The aorta is the body’s largest artery; it carries blood pumped from the heart to the rest of the body. The part of the aorta that connects to the heart is called the aortic root, and surrounds the aortic valve, which acts like a floodgate outlet for the heart. If the aorta is weakened or dilated near the root (aneurysm), the patient is at risk for rupture—a serious and potentially deadly occurrence. A weak aortic root can also hinder the function of the aortic valve, which may lead to heart problems. The coronary vessels, which supply the heart muscle itself, also come out of the aorta root.
Aortic Root Surgery
If the aortic root is weak or damaged, Temple surgeons may recommend a special procedure to replace the aorta root with a strong synthetic tube (a graft) sewn in to replace the weakened aorta. The coronary vessels (which supply the heart muscle itself) come out of the aorta root, and the new artificial graft needs to attach to the heart directly atop the aortic valve, so the procedure is quite complex.
If the aortic valve is damaged or contributing to aortic weakness, or if it would help ensure a good surgical outcome, surgeons may decide to replace the valve at the same time as they repair or replace the root. The new valve may be mechanical or biological—if mechanical, the patient will need to take an anticoagulant (blood thinner) drug afterwards to prevent clots.
If the aortic root needs to be replaced or repaired with a graft, but the valve and the very base of the root are in good shape, the patient may be a candidate for a valve-sparing procedure. This involves repairing or replacing the aortic root with a graft and attaching the aortic valve to the new graft; the surgeon may also reposition the valve within the graft to eliminate any leaking. A valve-sparing procedure could reduce the risk of stroke or infection and lessen the chance that the valve will need to be operated on again later. The patient may also avoid the lifelong course of anticoagulant therapy required with a mechanical valve.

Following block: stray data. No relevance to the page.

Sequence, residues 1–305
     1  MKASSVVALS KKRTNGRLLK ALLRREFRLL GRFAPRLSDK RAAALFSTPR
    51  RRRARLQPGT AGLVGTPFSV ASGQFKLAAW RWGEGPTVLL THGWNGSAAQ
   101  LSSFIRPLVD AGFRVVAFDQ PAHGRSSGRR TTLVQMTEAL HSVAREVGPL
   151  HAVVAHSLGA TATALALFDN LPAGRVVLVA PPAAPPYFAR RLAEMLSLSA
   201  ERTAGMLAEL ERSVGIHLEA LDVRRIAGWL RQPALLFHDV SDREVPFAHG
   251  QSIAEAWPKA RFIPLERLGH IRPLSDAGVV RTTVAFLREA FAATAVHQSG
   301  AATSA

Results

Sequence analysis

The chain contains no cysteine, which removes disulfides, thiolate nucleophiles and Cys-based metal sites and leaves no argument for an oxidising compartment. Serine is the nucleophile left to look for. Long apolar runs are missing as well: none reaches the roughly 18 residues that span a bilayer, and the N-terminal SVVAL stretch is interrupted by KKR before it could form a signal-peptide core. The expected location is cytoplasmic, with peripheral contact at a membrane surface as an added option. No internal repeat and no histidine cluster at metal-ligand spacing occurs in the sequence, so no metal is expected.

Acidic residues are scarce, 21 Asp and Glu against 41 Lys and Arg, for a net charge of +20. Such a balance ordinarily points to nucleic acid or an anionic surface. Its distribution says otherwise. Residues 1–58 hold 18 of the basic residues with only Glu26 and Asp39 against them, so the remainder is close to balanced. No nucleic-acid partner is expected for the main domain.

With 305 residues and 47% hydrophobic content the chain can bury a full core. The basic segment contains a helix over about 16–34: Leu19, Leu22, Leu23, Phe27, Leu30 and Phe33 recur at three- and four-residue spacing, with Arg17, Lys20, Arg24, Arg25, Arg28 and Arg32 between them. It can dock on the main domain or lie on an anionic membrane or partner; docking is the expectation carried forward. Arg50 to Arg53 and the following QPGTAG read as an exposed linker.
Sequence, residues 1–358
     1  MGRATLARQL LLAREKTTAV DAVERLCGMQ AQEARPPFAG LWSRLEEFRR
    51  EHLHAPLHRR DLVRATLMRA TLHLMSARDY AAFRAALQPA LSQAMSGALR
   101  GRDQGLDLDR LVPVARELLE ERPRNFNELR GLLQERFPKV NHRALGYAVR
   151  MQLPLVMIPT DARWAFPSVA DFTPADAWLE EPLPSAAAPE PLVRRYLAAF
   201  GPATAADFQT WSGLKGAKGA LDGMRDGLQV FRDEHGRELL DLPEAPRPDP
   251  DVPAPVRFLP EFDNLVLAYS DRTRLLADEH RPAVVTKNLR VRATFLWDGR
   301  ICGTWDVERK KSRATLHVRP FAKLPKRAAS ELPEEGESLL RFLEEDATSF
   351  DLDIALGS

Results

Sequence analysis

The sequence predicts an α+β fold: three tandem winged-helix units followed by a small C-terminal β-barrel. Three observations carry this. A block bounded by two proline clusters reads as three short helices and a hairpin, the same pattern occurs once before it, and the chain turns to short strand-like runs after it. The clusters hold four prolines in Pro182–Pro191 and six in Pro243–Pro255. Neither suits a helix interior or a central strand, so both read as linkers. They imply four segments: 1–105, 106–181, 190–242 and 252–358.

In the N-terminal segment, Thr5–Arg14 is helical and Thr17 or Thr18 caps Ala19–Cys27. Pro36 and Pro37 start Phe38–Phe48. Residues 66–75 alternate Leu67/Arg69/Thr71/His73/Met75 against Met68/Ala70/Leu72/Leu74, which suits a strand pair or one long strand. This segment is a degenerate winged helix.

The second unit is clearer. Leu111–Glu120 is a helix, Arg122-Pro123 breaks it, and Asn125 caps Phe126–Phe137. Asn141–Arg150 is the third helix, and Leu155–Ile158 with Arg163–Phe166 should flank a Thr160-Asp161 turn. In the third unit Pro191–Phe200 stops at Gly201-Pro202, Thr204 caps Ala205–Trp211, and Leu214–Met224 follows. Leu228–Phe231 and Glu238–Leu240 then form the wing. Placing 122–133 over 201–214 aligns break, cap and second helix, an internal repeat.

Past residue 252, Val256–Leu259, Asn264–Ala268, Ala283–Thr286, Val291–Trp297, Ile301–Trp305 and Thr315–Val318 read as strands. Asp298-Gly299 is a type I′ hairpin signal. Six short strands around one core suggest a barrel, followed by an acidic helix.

For patients with more complex conditions, open surgical repair of the aorta may be combined with another procedure. For example, the patient might have surgery to repair an aneurysm near the aortic root while the surgeon also inserts an endovascular stent to strengthen the descending aorta, or other cardiac procedures. These hybrid procedures avoid multiple open surgeries and associated complications, and may be safer, shorter, and offer faster recovery.
If another heart problem contributes to the patient’s aortic condition, or vice versa, a Temple surgeon may recommend additional procedures or surgeries such as heart valve surgery, angioplasty, or insertion of a pacemaker or circulatory assist device. Some of these procedures can be done at the same time as the aortic root surgeries mentioned above. Others are done as a follow-up. Many can now be performed using minimally invasive techniques.
Procedures to repair or replace the aortic root are highly specialized. Temple Heart & Vascular Institute has access to sophisticated facilities—including hybrid operating rooms with special imaging equipment for complex procedures—and an experienced team who can help determine appropriate treatment measures and provide the highest standard of care before, during and after surgery.